While the appearance of the expression "eternal Spirit" is singular (technical term: hapax logomenon), there are numerous contextual clues which might explain why the writer of Hebrews used the expression.
First is the context of the entire book of Hebrews with its theme of the superiority of Christ as contrasted to the inferior--though necessary for a time--Law of Moses, particularly as it applied to the rules and regulations of the sacrificial system of the tabernacle and, later, temple worship.
The writer of Hebrews fleshes out This superiority in numerous ways, but if we limit our focus primarily to Hebrews chapter 9, the author elaborates on that superiority through his use of contrasting terms, particularly present time and eternal.
The writer considers the inherent limitations of the temporal aspects of the "first covenant" or "old tabernacle" (9:1,8), particularly their rules, regulations, and methods. He then contrasts them with the perfections of the "new covenant" (9:15).
Warren Wiersby summarizes the inherent limitations well:
The Old Covenant sanctuary was inferior for five reasons. It was an earthly sanctuary (v. 1), it was a type of something greater (vv. 2-5), and it was inaccessible to the people (vv. 6-7). Furthermore it was only temporary (v. 8) and its ministry was external rather than internal (vv. 9-10) [at NET Bible, Constable's Notes for Hebrews 9:6-10, footnote 280].
On the other hand, the perfections are simply the "opposite" of the limitations
which Wiersbe summarized:
a heavenly sanctuary; the very throne room of heaven, or the heavenly sanctuary, where Jesus presented to his Father, symbolically, the blood of his perfect, once-and-for-all-time sacrifice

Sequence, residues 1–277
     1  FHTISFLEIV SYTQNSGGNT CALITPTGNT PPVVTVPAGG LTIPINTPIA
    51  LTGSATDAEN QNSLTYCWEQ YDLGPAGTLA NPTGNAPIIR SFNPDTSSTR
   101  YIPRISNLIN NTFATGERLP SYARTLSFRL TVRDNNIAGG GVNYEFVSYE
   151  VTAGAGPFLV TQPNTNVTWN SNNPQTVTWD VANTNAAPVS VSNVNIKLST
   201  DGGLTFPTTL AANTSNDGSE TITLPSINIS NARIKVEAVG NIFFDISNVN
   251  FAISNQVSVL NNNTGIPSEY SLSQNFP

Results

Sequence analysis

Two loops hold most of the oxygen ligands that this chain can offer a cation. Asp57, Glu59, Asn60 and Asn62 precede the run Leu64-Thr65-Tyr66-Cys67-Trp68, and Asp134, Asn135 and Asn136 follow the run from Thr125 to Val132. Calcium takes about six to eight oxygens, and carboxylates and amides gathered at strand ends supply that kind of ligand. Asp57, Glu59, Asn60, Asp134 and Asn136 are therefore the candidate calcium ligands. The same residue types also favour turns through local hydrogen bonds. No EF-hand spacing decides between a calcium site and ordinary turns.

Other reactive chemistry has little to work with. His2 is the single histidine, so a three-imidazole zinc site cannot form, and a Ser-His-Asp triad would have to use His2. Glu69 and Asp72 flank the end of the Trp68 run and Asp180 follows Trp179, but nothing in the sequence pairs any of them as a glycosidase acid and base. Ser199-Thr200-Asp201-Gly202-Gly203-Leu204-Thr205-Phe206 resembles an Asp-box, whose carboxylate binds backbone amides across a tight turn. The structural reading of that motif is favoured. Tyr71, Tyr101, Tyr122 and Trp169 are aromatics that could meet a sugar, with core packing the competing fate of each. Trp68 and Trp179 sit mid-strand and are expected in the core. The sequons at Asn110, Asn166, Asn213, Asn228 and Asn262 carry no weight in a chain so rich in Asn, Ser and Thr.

the antitype, Christ, who is by definition the fulfillment and embodiment of the types and shadows of the old covenant
a completely accessible way, through faith, and by way of the blood of Jesus
eternal in the heavens (more on that, later)
internal and permanent cleansing within the consciences of repentant sinners (or "the called" of 9:15)
Second is the context of chapter 9, which elucidates the contrast between what is temporal and what is eternal. This contrast, then, seems to be the basis of the expression "eternal Spirit." Whether the word spirit should be capitalized or not is not relevant to this contrast, since either word is perfectly apt!
On the one hand are the "external regulations" (9:1 and 10), the "outer tent" and the "inner tent" (9: 1, 6, 7), and the continual entering of the Levitical priests and the once-a-year entering of the high priest (9:6 and 7). Altogether they comprise the letter of the law.
On the other hand are the eternal verities of which the regulations and modalities of the old covenant with its two priesthoods (Levitical and Aaronic) were but mere shadows. Put differently, they were verities cloaked in mystery and characterized by anticipation of better things to come; that is: Christ, in all his perfections. They comprise the spirit (or Spirit) of the Law.
In conclusion, the phrase "eternal Spirit" is the counterpart of, or antithesis to, all the earthly and temporary regulations of the Law of Moses as touching the Hebrews' cultus. Though the writer to the Hebrews may not have articulated the doctrine of the eternal counsels of God, as Paul did in his writings (e.g., Ephesians 1:11), the writer alludes to it in other, different words, which together give us what is close to being a full-orbed description of a salvation which was planned in eternity but was accomplished on earth in "the fullness of time" (Galatians 4:4).
What preceded the former was the determination of God's eternal counsels to reveal the eternal Spirit of the Word of God in a body of flesh, which despite the Word's self-imposed limitations (the kenosis or self-emptying of Jesus, elaborated in Philippians chapter 2), revealed to true believers the
glory as of the only begotten from the Father, full of grace and truth (John 1:14).